Covid-19 may have taken the sting out of a potential no-deal Brexit tale
‘No-deal’ is not on many people’s Christmas list, but given cheap valuations for both equities and sterling, it may not be as disastrous for investors as some have suggested
Published on 02 Dec 20205 minute read
Written by Ben Seager-Scott
As negotiations between the EU and UK drag on, a no-deal Brexit (trading on World Trade Organisation terms) once the transition period ends on 31 December is still a possibility. In spite of the Government’s reassurances that this outcome would cause minimal disruption, businesses and investors – fresh from the savage economic impact of Covid-19 – are understandably nervous. Perhaps a no-deal Brexit should not be feared as much as the popular press would have you believe.
- First, Covid-19 has helped put Brexit into perspective. GDP dropped 19.8% in the second quarter, the worst performance since 1709, when the Great Frost caused chronic food shortages and destroyed the economy1. The short-term impact of a no-deal Brexit is unlikely to be as severe. The Office for Budget Responsibility (OBR) is currently estimating that a failure to reach a free trade agreement with the EU (i.e. a no-deal Brexit) will lower growth to 3.5% from 5.5% in 20212. It is very painful for the people involved, but it is a smaller scale than the collapse in economic activity from pandemic-related lockdowns.
- Second, the pandemic has also prompted vast monetary and fiscal stimulus. The Bank of England’s quantitative easing programme is currently equivalent to around 30% of GDP this year and next, compared to 9% during the 2007-08 Global Financial Crisis3. The OBR forecasts a public sector net borrowing of 19% of GDP, the biggest deficit since 19444. This policy easing should mitigate the short-term blow of any economic impact from a no-deal Brexit. Ultimately, this debt must be repaid, with consequences for the tax burden on future generations, but that is a problem for another day.
- Third, the UK has become less reliant on foreign capital to finance economic growth. After the referendum in June 2016, the current account deficit was greater than 5% of GDP, but it has since narrowed to 0.6% in the second quarter of 2020, its lowest level for 22 years, on the back of Covid-related depressed growth5. Nevertheless, given decades of running an external deficit, the UK has built up accumulated overseas liabilities, and particularly those financed by the EU. Data from the Bank of International Settlements show that the EU bank and non-bank financial claims on the UK total around £939 billion, which compares to £587 billion in UK claims on the EU6. Should the UK’s relationship with the EU turn acrimonious, there is a risk of EU capital repatriation from the UK. Given the relative size of these claims, any repatriation would likely involve larger net outflows from the UK than from the EU and therefore represent a risk for UK economic and financial asset performance.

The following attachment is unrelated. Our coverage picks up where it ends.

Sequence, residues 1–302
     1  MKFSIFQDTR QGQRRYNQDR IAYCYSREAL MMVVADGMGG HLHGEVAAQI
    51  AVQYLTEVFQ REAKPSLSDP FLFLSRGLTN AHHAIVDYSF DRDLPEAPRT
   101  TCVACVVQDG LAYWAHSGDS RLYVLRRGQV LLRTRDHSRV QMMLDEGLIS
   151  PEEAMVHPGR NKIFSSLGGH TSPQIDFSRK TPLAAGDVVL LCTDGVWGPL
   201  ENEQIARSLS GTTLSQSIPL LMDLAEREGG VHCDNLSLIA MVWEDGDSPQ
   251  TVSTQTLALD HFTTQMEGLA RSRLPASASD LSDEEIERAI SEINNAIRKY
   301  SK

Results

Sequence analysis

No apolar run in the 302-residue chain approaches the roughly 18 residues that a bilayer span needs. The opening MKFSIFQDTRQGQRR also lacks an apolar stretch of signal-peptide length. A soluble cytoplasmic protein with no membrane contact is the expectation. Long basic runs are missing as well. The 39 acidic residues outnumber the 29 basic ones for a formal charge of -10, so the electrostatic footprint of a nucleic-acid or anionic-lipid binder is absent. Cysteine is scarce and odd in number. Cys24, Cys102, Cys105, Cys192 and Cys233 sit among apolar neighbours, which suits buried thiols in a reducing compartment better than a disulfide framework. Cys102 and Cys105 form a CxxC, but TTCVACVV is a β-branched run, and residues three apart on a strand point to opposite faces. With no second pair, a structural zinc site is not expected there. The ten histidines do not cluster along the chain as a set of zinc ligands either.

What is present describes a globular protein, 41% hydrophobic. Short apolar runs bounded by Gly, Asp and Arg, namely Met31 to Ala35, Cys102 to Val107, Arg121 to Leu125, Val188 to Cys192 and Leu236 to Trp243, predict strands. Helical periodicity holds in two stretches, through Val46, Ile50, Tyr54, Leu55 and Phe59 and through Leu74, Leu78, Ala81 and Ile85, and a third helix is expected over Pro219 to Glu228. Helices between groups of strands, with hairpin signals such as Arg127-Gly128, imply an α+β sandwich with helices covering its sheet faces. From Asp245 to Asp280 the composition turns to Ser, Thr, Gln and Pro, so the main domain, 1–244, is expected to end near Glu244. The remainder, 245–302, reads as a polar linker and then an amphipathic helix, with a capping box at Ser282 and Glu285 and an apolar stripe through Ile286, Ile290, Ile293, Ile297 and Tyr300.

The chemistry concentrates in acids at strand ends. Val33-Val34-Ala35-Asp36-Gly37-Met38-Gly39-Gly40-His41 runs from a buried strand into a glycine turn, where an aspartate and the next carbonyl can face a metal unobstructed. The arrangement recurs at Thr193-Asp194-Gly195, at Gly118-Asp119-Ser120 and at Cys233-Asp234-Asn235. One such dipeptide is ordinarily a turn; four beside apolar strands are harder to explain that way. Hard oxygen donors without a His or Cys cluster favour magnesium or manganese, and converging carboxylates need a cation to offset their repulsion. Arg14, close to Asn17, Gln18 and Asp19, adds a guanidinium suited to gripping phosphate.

The UK market is adjusting despite Brexit headlines
It is unclear whether the UK economy is prepared for a potential no-deal Brexit since the referendum in 2016. However, currency and financial markets have adjusted somewhat. Sterling has barely recovered any ground from its lows in the wake of the Brexit vote. On conventional measures of purchasing power parity, sterling looks undervalued and therefore less vulnerable to a sell-off. Other central banks are pursuing similarly aggressive monetary easing policies, so there is no pick-up in yield for buying, say, US dollars, as there was in 2016, when the Federal Reserve was raising rates. Sterling appears to reflect much of the negative news.
It is a similar situation with UK equities, which have significantly underperformed their international peers since 2016. They consequently look undervalued on almost any metric – price to earnings, price to book or price to dividend ratio. Combining these metrics as a simple average, the UK market is now 30% cheaper (relative to the world ex-UK) than it was at the time of the 2016 referendum7. This is partly because of its weighting to ‘value’ areas at a time when investors have been more focused on ‘growth’ equities, but it is still the cheapest it has ever been. Even against a backdrop of quasi-lockdowns and no-deal Brexit fears, it is telling that the MSCI UK benchmark gained 13.1% in November, its biggest rally in 30 years8. This suggests that much of the negative news associated with the UK has probably been discounted.
Of course, a no-deal isn’t yet an inevitability. It is clear that amid his crowded inbox, US President-elect Biden is unlikely to prioritise a trade deal with the UK. He has expressed concern that the UK might compromise the Good Friday Agreement in the course of a no-deal. Falling out with the EU is dangerous enough, falling out with the US at the same time – with a pandemic on – seems like a kamikaze approach. This may see British negotiators work a little harder to get a trade deal, to the extent that Morgan Stanley recently put the likelihood of the UK leaving on World Trade Organisation terms at just 20%9.
These are precarious times for the UK, but its difficulties are reflected in the price of its currency and stock market, which look historically cheap. ‘No-deal’ is not on many people’s Christmas list, but given cheap valuations for both equities and sterling, it may not be as disastrous for investors as some have suggested.
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1,3,7,8 Refinitiv Datastream, data as at 1 December 2020
2, 4 Office for Budget Responsibility – Economic and Fiscal Outlook, November 2020
5 Morgan Stanley, Policy Action Tracker – Focus Shifts To Fiscal, July 2020
6 Bank of International Settlements, data as at 30 November 2020
9 Morgan Stanley, Brexit and the US elections, November 2020